What I can say from my individual meetings, I was very encouraged by the high aspirations of the chairmen. I cannot judge yet how it is shared in the entire company, but that's a prerequisite. And then the aspirations should include all relevant aspects including the portfolio, merger and acquisition roadmap, business processes and the organization.
And the success factor will again be digital adoption. Actually, statistics show that 70 percent of companies hoping for a digital transformation fall into what we call a pilot trap — they do one pilot and they don't scale further — because they have not thought of the true architecture of the change it should look like.
Q. How prepared do you think Korean companies are in terms of digital adoption?
A. First of all, Korea is one of the leaders in the world in terms of adoption rates of digital products — like smartphone ownership is 95 percent, internet usage is 96 percent and the digital banking penetration rate is 99 percent, the highest in Asia.
Korea has also excellent products in 5G, smartphones and semiconductors, for example. It has a high rank in terms of a mature digital market, in the IMD's [Institute for Management Development] Digital Competitiveness Ranking, it's No. 8 in 2020. And out of the world's 518 unicorns — start-ups with high valuations — Korea has 11, which is quite high, and in this case higher than Japan. Japan only has four.
However, there is room for improvement. As I mentioned earlier, it's a transition into software, transition to solutions. It's a question where, for example, Samsung or LG could also be leaders in apps, on content rather than the product itself.
Regulators have an important role in this new digital era, to make sure that the relevant context is set so companies can test and learn quickly and there are adequate regulations.
Q. What industries do you think have good prospects post-Covid?
A. E-commerce is very important. Only 60 percent of consumer goods companies are moderately ready to capture the opportunities. Secondly, biopharma. And thirdly, anything that goes toward green, sustainability, electrical vehicles, batteries and green technologies.
Q. With the economy suffering from the pandemic, the Korean government has set out a goal to create a million jobs.
A. The objective of the government to create one million jobs in 2021 is a high aspiration if we look at the numbers. The government should work with the private sector closely to see how to achieve it — the question is which industries. And at the same time, productivity in those industries has to increase. Secondly, besides quantity, quality of jobs is also very important, because in digital, especially, new skills will be required. Cyber security and data analytics require additional training.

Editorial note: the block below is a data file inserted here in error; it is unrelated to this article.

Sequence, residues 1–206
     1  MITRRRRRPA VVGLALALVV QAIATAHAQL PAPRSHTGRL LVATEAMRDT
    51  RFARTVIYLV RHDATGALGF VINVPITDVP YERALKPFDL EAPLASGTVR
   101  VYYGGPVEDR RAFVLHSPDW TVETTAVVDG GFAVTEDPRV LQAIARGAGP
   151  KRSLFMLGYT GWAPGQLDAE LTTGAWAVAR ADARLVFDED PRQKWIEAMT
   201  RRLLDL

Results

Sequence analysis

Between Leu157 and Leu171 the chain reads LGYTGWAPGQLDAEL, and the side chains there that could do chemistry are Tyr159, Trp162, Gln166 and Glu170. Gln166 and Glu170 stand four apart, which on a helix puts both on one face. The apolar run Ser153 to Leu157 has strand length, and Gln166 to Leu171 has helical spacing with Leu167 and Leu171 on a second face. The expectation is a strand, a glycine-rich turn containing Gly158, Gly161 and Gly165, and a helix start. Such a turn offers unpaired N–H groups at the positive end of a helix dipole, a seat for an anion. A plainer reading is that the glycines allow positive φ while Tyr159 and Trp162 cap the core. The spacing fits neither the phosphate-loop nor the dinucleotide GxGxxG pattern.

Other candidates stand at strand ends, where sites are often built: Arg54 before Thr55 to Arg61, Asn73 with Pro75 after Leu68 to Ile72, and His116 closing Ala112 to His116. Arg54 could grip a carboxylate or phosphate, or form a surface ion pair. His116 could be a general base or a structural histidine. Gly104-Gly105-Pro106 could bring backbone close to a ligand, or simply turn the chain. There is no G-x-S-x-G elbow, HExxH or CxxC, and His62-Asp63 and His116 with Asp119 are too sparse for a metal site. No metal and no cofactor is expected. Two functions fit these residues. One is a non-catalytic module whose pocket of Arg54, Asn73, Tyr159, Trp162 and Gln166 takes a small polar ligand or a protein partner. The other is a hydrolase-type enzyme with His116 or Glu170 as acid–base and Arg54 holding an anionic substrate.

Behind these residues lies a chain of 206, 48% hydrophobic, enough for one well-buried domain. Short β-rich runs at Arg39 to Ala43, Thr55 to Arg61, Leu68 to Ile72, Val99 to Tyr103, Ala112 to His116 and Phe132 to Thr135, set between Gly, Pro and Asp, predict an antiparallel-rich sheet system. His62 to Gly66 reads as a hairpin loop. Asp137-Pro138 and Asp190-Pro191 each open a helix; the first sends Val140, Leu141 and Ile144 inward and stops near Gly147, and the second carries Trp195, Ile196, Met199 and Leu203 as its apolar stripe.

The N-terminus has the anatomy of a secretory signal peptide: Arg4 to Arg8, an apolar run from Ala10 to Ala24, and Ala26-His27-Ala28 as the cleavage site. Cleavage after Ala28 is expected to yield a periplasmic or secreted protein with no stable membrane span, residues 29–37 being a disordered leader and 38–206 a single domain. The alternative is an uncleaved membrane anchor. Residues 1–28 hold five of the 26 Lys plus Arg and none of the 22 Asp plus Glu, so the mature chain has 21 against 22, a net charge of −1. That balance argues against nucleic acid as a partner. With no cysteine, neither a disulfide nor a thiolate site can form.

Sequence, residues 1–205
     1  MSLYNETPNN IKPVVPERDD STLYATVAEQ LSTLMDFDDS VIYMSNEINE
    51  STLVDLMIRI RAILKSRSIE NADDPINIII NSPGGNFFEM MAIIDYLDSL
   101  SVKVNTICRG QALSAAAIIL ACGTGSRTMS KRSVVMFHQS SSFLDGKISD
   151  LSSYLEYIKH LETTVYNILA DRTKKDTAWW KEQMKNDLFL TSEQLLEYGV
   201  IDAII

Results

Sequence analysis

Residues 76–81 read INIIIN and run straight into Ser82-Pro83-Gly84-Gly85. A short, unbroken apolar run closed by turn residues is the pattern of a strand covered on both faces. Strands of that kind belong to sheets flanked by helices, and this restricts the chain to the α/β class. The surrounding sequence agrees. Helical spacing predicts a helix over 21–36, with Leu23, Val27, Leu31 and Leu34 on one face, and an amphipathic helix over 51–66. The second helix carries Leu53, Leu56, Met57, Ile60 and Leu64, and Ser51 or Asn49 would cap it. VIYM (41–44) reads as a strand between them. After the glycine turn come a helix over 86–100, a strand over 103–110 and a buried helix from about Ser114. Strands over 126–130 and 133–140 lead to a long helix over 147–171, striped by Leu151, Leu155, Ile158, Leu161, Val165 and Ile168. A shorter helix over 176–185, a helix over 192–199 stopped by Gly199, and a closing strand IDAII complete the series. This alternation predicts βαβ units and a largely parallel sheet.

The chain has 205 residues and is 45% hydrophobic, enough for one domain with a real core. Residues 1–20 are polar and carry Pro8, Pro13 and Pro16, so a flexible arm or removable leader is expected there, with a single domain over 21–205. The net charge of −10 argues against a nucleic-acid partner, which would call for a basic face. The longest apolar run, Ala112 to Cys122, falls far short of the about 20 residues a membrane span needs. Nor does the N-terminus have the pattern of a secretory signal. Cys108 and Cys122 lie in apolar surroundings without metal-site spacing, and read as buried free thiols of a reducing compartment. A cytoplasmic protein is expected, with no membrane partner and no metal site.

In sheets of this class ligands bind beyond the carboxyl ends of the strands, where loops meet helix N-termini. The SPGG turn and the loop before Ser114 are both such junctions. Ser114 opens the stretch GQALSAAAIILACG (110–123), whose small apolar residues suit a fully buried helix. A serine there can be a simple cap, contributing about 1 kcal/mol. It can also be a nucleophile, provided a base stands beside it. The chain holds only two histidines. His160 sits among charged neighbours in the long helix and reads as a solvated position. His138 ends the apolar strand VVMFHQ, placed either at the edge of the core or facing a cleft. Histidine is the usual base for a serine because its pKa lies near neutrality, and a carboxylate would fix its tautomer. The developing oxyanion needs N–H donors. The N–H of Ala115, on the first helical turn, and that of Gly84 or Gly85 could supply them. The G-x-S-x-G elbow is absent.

We believe that up to 800,000 new jobs are needed in software engineering and data science in Korea by 2030.
Q. Can you compare the business environment in Korea and Japan?
A. Based on what I have seen, similarities outweigh [differences]. Number one, both countries are very strong in exports [...] therefore any trade disputes, for instance between the United States and China, impact those countries. Secondly, the industry mix is also similar overall. Thirdly, I was already impressed in Japan by the work ethic. I would say I am equally impressed or perhaps even more so here.
Next, there is collaboration and teamwork [...] and a very large pool of highly educated talent. I think the education systems are extremely stringent, but very high in terms of quality.
At the same time you see some of [the same] challenges. You see the aging population. Japan is leading here, and Korea is following. Also a challenge of "what's next?" as both countries caught up so fast after World War II. Lastly, in both countries there is always debate about lifelong employment versus employability.
Q. Japan restricted exports of semiconductor materials to Korea. Do you think Japanese companies agree with this measure or are they following the government's order?
A. I am aware of the conflict and I'm particularly aware because I am Austrian of Armenian origin, and there was a genocide in the first World War, so I understand the emotions there.
I think the government gives the regulations and companies have to follow — that is my understanding.
My hope is that there will be a resolution soon since both countries are dependent on trade and both countries now have to capture the opportunity post-Covid. You cannot change the past but you can shape the future.
BY KIM JEE-HEE [email@example.com]